To assist readers in evaluating the results of human studies of complementary and alternative medicine (CAM) treatments for cancer, the strength of the evidence (i.e., the "levels of evidence") associated with each type of treatment is provided whenever possible. To qualify for a level of evidence analysis, a study must:
Be published in a peer-reviewed scientific journal.
Report on a therapeutic outcome or outcomes, such as tumor response, improvement in survival, or measured improvement in quality of life.
Describe clinical findings in sufficient detail that a meaningful evaluation can be made.
Evidence from studies that do not meet these requirements is considered extremely weak. In addition to scoring individual studies, an overall level of evidence assessment is usually made.
This complementary and alternative medicine (CAM) information summary provides an overview of the use of cartilage as a treatment for people with cancer. The summary includes a brief history of cartilage research, the results of clinical studies, and possible side effects of cartilage use.
This summary contains the following key information:
Bovine (cow) cartilage and shark cartilage have been studied as treatments for people with cancer and other medical conditions for more than 30 years.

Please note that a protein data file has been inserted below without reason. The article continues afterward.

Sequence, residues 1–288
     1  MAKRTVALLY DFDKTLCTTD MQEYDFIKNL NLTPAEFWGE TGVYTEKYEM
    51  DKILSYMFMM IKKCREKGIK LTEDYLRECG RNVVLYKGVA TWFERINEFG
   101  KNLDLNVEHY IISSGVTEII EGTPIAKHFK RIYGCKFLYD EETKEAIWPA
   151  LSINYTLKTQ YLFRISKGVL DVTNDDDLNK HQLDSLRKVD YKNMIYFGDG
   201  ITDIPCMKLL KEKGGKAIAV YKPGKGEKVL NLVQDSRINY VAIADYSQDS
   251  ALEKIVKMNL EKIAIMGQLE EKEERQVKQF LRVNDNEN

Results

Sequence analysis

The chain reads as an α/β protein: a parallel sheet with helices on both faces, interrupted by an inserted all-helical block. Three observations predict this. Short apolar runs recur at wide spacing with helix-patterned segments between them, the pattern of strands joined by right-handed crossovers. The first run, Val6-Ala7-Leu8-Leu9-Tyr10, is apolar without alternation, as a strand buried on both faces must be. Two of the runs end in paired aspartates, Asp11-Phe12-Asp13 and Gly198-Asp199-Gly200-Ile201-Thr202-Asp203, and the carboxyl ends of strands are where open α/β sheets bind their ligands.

Because no prospective, controlled study of the use of the Gerson therapy in cancer patients has been reported in a peer-reviewed scientific journal, no level of evidence analysis is possible for this approach. The data that are available are not sufficient to warrant claims that the Gerson therapy is effective as an adjuvant to other cancer therapies or as a cure. At this time, the use of the Gerson therapy in the treatment of cancer patients cannot be recommended outside the context of well-designed clinical trials.
Separate levels of evidence scores are assigned to qualifying human studies on the basis of statistical strength of the study design and scientific strength of the treatment outcomes (i.e., endpoints) measured. The resulting two scores are then combined to produce an overall score. For additional information about levels of evidence analysis, refer to Levels of Evidence for Human Studies of Cancer Complementary and Alternative Medicine.
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This information is produced and provided by the National
Institute (NCI). The information in this topic may have changed since it was written. For the most current information, contact the National
Institute via the Internet web site at http://
.gov or call 1-800-4-CANCER.
WebMD Public Information from the National Cancer Institute
This information is not intended to replace the advice of a doctor.
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